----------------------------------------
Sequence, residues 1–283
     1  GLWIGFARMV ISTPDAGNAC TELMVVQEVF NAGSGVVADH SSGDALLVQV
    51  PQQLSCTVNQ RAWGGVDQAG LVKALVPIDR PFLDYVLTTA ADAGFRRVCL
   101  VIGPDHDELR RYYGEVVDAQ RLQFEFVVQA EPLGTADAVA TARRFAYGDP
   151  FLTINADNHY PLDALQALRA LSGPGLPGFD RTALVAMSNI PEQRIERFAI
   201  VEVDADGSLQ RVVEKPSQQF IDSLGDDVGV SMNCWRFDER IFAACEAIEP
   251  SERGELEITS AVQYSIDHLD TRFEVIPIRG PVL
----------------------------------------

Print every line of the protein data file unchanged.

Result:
Sequence, residues 1–283
     1  GLWIGFARMV ISTPDAGNAC TELMVVQEVF NAGSGVVADH SSGDALLVQV
    51  PQQLSCTVNQ RAWGGVDQAG LVKALVPIDR PFLDYVLTTA ADAGFRRVCL
   101  VIGPDHDELR RYYGEVVDAQ RLQFEFVVQA EPLGTADAVA TARRFAYGDP
   151  FLTINADNHY PLDALQALRA LSGPGLPGFD RTALVAMSNI PEQRIERFAI
   201  VEVDADGSLQ RVVEKPSQQF IDSLGDDVGV SMNCWRFDER IFAACEAIEP
   251  SERGELEITS AVQYSIDHLD TRFEVIPIRG PVL